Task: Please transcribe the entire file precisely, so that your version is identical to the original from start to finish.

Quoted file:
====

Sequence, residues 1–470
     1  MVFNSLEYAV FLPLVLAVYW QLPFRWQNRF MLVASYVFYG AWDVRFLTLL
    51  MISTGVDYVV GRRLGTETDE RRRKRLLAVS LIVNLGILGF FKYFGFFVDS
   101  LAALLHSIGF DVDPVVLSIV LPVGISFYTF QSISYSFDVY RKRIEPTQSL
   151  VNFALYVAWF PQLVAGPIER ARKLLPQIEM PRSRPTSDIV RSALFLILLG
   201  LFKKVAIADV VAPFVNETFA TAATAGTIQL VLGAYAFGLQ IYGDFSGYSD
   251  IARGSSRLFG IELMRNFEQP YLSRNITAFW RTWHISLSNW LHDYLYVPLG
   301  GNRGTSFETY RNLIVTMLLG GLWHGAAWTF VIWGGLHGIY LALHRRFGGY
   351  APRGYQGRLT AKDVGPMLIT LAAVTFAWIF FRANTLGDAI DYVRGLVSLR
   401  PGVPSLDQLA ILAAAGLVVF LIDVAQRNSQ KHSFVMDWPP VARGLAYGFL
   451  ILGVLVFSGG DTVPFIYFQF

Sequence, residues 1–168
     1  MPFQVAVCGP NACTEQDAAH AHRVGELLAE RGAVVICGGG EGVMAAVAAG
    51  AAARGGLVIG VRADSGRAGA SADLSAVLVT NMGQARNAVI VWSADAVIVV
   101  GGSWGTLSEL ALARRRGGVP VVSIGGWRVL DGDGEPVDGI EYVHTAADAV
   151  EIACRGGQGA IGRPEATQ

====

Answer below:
Sequence, residues 1–470
     1  MVFNSLEYAV FLPLVLAVYW QLPFRWQNRF MLVASYVFYG AWDVRFLTLL
    51  MISTGVDYVV GRRLGTETDE RRRKRLLAVS LIVNLGILGF FKYFGFFVDS
   101  LAALLHSIGF DVDPVVLSIV LPVGISFYTF QSISYSFDVY RKRIEPTQSL
   151  VNFALYVAWF PQLVAGPIER ARKLLPQIEM PRSRPTSDIV RSALFLILLG
   201  LFKKVAIADV VAPFVNETFA TAATAGTIQL VLGAYAFGLQ IYGDFSGYSD
   251  IARGSSRLFG IELMRNFEQP YLSRNITAFW RTWHISLSNW LHDYLYVPLG
   301  GNRGTSFETY RNLIVTMLLG GLWHGAAWTF VIWGGLHGIY LALHRRFGGY
   351  APRGYQGRLT AKDVGPMLIT LAAVTFAWIF FRANTLGDAI DYVRGLVSLR
   401  PGVPSLDQLA ILAAAGLVVF LIDVAQRNSQ KHSFVMDWPP VARGLAYGFL
   451  ILGVLVFSGG DTVPFIYFQF

Sequence, residues 1–168
     1  MPFQVAVCGP NACTEQDAAH AHRVGELLAE RGAVVICGGG EGVMAAVAAG
    51  AAARGGLVIG VRADSGRAGA SADLSAVLVT NMGQARNAVI VWSADAVIVV
   101  GGSWGTLSEL ALARRRGGVP VVSIGGWRVL DGDGEPVDGI EYVHTAADAV
   151  EIACRGGQGA IGRPEATQ